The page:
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4. From Etic to Emic Units in the Structural Study of Folktales

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pp. 88-106

Dundes opened this essay on folk material with a binary division of diachronic and synchronic perspectives of time. Diachronic approached the development of material historically, whereas synchronic analysis examined items contemporaneously. Dundes observed that diachronic approaches had dominated thinking about folklore, leading, he argued, ...

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5. How Indic Parallels to the Ballad of the “Walled-Up Wife” Reveal the Pitfalls of Parochial Nationalistic Folkloristics

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pp. 107-122

Dundes frequently emphasized the need for cross-cultural research, with the goal of forming an international folkloristics. He complained of a tendency among scholars to divide folklore into national categories, which might lead to problematic claims that traditions belong to a unique location. In cross-cultural comparisons, Dundes identified key features that remain consistent across cultures, as well as those distinctive details that are part of ...

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6. Structuralism and Folklore

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pp. 123-153

Dundes used structuralism to define and compare folklore genres, and, methodologically, as the key element of an analytic step—deriving cultural meaning—in an objective science of folkloristics. He defined structuralism as the “study of the interrelationships or organization of the component parts of an item of folklore,” and was especially drawn to Russian folklorist Vladimir Propp’s morphology, which designated functions of dramatis personae ...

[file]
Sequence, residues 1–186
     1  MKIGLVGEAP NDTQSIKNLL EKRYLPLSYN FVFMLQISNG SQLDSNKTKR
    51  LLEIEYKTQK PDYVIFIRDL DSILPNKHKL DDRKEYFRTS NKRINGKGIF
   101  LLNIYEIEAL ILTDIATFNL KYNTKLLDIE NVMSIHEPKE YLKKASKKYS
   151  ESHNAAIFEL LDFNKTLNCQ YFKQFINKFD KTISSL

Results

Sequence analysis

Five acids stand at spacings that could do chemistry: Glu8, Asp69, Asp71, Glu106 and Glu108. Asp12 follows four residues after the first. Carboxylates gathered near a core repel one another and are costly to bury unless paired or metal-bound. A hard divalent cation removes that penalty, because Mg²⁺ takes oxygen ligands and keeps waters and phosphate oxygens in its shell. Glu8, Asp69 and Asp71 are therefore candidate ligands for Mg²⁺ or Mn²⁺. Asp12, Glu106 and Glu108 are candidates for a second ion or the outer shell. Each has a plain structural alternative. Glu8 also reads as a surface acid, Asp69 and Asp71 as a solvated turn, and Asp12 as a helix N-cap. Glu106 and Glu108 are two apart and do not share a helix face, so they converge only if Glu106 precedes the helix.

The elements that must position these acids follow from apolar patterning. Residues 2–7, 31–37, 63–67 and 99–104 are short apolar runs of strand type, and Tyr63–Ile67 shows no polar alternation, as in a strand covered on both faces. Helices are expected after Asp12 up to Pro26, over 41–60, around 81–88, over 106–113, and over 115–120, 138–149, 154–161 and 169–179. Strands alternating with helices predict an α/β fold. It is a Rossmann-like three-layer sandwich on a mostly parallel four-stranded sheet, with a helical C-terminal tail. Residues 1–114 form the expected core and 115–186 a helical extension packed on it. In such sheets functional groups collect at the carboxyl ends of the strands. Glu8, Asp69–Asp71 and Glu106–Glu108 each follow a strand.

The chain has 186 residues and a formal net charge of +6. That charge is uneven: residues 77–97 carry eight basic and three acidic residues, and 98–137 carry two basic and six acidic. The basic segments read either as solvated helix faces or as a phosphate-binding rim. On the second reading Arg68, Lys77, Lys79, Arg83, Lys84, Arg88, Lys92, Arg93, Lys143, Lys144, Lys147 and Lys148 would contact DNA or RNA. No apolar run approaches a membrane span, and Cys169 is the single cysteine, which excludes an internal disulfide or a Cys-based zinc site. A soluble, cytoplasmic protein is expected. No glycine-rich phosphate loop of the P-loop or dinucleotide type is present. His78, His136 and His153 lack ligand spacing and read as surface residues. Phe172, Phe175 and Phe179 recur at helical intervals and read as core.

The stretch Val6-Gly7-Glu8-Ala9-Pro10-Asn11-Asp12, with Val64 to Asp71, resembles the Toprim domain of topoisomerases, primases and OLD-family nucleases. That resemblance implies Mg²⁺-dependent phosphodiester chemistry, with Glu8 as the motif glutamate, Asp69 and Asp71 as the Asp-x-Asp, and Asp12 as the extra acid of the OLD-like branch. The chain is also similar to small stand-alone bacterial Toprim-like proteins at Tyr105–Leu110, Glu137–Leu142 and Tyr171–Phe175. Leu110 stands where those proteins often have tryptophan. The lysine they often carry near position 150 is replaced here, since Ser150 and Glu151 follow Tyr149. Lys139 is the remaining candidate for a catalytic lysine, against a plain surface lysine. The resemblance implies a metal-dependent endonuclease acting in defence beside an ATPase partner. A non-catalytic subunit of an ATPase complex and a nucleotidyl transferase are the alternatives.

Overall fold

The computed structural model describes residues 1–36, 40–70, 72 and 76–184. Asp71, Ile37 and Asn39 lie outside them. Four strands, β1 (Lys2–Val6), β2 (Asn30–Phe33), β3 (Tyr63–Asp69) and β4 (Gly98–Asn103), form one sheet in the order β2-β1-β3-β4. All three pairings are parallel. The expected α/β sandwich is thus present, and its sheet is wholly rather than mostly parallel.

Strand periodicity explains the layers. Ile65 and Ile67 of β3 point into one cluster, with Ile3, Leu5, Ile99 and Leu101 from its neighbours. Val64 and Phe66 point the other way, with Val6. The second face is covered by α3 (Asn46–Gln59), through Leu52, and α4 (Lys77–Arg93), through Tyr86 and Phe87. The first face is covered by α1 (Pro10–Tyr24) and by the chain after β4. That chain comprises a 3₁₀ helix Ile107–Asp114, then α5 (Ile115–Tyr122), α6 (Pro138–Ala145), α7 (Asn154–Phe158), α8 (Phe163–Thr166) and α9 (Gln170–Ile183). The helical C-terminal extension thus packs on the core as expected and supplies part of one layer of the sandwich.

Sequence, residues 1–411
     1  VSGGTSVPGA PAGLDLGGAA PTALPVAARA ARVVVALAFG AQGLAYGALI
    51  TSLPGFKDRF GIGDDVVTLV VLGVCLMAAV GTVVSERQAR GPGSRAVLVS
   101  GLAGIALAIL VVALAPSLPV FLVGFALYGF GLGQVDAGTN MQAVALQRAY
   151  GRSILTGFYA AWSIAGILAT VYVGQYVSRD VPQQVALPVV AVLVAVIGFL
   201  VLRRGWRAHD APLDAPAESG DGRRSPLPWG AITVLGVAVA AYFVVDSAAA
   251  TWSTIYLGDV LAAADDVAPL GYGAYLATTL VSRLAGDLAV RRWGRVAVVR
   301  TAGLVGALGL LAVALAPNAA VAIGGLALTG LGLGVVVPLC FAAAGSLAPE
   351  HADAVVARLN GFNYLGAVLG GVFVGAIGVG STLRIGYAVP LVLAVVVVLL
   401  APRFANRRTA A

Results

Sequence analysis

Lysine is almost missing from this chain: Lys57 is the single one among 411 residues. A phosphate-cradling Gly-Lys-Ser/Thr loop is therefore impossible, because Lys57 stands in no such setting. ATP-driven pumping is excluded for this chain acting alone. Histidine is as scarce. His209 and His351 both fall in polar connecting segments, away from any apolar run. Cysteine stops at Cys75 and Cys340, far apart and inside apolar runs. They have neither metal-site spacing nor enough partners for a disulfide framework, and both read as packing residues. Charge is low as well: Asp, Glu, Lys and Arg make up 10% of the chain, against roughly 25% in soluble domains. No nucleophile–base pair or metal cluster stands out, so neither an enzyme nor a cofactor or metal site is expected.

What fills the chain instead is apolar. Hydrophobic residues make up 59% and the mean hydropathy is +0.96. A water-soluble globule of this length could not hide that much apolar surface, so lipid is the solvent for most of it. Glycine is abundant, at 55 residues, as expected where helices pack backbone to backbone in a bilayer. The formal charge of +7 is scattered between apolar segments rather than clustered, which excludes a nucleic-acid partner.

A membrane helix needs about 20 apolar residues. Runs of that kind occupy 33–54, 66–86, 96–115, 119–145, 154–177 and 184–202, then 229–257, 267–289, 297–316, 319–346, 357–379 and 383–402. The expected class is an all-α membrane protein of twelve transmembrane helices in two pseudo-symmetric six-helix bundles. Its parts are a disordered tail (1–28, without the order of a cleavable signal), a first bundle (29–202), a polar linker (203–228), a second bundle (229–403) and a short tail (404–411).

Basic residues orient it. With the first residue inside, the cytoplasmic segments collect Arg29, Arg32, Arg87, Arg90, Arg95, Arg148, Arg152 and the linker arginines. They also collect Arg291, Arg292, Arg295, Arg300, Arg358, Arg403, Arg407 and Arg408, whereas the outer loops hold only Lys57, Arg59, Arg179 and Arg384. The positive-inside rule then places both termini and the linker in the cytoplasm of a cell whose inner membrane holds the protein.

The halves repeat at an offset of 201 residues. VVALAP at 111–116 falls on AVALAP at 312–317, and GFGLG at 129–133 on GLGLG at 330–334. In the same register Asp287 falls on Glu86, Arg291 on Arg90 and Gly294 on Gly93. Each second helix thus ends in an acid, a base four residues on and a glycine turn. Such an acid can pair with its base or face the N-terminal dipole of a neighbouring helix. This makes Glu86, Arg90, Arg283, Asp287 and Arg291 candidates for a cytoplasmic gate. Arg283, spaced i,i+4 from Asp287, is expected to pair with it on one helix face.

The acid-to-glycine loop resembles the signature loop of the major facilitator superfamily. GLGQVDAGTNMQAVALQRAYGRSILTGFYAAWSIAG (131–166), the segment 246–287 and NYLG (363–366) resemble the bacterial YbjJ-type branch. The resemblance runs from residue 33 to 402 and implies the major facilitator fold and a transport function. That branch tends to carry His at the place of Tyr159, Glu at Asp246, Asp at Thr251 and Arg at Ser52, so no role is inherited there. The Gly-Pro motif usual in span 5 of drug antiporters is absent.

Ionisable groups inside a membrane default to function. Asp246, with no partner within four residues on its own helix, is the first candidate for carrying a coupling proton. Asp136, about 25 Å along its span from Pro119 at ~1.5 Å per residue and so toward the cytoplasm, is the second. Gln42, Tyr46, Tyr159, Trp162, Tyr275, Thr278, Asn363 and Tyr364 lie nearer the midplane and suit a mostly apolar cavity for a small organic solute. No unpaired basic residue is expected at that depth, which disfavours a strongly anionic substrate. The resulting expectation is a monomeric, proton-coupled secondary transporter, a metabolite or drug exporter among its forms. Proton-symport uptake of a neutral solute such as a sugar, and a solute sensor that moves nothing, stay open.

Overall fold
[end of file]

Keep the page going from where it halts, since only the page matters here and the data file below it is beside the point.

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7. On Game Morphology: A Study of the Structure of Non-Verbal Folklore

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pp. 154-163

This essay is included as a demonstration of Dundes’s structural analysis, derived from methods introduced by Vladimir Propp and other Russian formalists. But its statement on the materials covered by folkloristic inquiry is even more significant. In 1964, when this essay was published, most folklore studies focused on what was called “oral literature.” Dundes showed the domination of narrative in folkloristic thought by pointing out the ...

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8. The Devolutionary Premise in Folklore Theory

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pp. 164-176

To encourage the “modern” or American break of folkloristics from its intellectual parent, nineteenth-century European folklore studies, thirty-three-year-old Dundes criticized his elders for holding a deep bias against progress. It was an extension of another historiographical argument in his earlier essay “From Etic to Emic Units in the Structural Study of Folktales” (1962g, and chapter 4 in this volume)—namely, that modern structural and ...

Part II: Worldview and Identity

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9. Folk Ideas as Units of Worldview

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pp. 179-195

The opening essay of this section is significant for its groundbreaking interpretation of worldview in folkloristic terms. Dundes was not the first to point to the interpretation of worldview as a valuable goal of cultural study, but he made a tremendous contribution by proposing that worldview—a concept often noted for its diffuseness and vagueness—could be clarified with reference to the fundamental units of analysis he called “folk ideas.” ...